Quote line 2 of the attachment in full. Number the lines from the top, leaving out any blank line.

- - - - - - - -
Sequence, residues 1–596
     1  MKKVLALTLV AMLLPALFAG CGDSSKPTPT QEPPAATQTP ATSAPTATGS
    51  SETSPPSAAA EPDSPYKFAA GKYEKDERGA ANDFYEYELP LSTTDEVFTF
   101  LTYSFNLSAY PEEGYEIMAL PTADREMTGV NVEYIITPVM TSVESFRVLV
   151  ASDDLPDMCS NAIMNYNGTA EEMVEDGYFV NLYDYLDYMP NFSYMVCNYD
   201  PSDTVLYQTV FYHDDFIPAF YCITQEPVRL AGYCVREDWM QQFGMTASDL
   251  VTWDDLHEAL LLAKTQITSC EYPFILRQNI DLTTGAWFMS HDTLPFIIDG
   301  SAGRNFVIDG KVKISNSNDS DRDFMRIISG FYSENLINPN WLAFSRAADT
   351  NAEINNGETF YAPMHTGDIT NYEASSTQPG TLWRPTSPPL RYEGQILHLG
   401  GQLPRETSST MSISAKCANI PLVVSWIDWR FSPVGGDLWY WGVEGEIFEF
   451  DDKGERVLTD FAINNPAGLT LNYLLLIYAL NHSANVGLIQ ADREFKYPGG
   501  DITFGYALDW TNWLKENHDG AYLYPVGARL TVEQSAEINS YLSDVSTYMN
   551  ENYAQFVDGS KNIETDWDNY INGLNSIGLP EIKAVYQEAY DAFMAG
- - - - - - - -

     1  MKKVLALTLV AMLLPALFAG CGDSSKPTPT QEPPAATQTP ATSAPTATGS